The most noticeable difference is that I installed a custom kernel that looks exactly the same, but runs at 54 fps. The UI is not just prettier–it’s much more usable. It visibly reacts faster to touches, swipes, and scrolling, and is much easier to follow a scrolling list.

    Additionally, I obviously like and use the free wifi tethering quite a bit. It annoys me to no end that Sprint advertises unlimited data, but then demands another $30 per month to use a feature both built into the software and hardware even though you’re ostensibly paying for, as they advertised, unlimited data.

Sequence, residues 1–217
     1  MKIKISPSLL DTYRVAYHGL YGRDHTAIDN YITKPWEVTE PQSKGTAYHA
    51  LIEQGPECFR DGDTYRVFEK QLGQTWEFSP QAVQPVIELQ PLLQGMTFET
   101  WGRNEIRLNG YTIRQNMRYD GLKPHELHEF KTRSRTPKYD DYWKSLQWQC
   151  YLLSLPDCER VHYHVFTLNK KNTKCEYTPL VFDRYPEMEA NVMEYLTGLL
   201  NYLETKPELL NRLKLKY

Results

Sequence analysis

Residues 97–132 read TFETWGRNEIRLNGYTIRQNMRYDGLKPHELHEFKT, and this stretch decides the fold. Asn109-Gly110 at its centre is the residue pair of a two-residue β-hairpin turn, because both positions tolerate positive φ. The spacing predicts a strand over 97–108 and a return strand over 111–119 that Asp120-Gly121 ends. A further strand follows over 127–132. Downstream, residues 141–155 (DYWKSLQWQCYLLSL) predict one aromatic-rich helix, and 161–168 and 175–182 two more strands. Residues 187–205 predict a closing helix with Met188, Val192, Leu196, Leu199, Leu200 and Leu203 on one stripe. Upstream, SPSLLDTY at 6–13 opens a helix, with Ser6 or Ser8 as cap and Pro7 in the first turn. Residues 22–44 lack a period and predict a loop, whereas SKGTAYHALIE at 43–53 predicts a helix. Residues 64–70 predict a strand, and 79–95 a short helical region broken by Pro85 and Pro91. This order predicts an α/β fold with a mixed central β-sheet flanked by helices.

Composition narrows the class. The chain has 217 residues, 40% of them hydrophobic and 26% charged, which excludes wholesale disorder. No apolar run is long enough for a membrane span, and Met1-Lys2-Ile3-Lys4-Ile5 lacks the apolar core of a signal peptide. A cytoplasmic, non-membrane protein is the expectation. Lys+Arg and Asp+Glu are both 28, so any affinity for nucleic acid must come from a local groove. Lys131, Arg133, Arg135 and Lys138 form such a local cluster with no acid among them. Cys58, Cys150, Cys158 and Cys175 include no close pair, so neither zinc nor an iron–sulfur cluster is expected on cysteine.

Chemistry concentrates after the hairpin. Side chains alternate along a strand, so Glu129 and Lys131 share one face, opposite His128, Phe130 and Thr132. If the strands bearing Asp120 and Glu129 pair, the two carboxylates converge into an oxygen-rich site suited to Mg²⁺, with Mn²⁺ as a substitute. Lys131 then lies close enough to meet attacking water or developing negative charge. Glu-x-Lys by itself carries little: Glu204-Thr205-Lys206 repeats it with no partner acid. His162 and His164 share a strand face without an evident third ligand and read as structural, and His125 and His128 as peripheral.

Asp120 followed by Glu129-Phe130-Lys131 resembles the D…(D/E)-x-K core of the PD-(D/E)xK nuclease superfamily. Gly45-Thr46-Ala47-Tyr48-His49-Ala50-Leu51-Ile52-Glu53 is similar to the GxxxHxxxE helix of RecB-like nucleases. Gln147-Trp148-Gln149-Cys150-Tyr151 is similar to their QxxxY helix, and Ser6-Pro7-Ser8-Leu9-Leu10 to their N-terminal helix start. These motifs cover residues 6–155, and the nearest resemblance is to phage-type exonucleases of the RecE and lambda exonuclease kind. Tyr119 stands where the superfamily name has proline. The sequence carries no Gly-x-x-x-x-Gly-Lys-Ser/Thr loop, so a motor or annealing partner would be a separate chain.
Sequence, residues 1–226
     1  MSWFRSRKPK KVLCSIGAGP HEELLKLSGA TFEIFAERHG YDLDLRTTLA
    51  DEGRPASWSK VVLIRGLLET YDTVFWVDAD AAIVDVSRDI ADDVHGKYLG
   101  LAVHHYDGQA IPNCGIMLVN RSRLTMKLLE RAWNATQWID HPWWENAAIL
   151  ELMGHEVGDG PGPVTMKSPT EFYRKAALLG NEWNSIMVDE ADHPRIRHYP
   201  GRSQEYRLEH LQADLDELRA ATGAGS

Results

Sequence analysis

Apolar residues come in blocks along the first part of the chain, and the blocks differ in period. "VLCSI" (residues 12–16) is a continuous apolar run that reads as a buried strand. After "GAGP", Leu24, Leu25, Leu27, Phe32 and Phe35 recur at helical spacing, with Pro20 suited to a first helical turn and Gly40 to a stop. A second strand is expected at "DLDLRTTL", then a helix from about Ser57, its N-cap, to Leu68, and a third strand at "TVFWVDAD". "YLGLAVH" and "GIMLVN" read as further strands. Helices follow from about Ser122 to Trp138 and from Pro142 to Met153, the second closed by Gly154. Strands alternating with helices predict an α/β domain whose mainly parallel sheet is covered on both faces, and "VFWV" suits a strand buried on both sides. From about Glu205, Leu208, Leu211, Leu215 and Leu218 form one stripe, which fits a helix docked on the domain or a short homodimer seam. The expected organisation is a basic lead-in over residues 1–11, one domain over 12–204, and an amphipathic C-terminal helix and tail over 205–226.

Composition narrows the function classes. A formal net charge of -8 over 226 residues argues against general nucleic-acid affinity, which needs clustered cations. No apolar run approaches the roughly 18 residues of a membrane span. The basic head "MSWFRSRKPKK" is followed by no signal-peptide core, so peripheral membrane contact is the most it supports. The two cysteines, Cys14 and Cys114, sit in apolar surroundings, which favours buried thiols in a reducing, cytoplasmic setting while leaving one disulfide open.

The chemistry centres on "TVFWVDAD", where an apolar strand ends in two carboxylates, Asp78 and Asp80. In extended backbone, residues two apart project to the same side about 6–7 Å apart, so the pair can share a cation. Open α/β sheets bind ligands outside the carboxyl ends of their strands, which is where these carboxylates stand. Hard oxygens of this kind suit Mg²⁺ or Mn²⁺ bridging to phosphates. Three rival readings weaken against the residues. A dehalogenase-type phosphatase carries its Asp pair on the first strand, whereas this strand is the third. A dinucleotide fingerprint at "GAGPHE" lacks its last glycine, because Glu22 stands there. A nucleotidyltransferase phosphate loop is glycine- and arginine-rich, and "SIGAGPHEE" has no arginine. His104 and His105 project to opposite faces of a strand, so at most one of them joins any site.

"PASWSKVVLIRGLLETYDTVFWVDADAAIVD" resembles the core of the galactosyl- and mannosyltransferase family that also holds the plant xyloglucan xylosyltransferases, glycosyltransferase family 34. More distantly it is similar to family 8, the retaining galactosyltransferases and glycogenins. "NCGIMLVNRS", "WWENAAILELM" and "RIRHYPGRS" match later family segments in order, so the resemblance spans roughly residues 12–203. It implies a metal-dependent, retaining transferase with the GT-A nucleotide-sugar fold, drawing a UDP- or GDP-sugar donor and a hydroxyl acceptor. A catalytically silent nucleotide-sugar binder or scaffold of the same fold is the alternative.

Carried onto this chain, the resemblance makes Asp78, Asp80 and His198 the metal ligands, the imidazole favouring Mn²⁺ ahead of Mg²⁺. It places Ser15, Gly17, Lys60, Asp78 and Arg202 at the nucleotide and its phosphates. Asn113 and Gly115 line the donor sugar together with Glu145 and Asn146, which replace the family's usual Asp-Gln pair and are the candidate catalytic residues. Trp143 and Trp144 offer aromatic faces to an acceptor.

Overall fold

I was also glad to get rid of all of the Sprint crappy apps (“crapps?”) baked into the stock ROM.

    I can see why some people who don’t need those features wouldn’t root. I didn’t do it for awhile myself, though I carefully avoided OTA updates just in case. But it’s also about feeling in-control of the device you paid for, which I really like.

    Reply
  • I’m a little surprised that nobody has really made good 1-click tools for Evo rooting yet. Unrevoked seems close, but it apparently doesn’t permanently unlock the NAND, which can make it hard to reliably use custom ROMs.

    The original Toast method for rooting still seems most reliable. It has a learning curve, but you learn a lot by doing it.

    That said, it’s annoying that the iPhone is the more closed platform, but has a dead simple jailbreak method…whereas for our open source Android phones, we have to go through 20 steps to root our devices.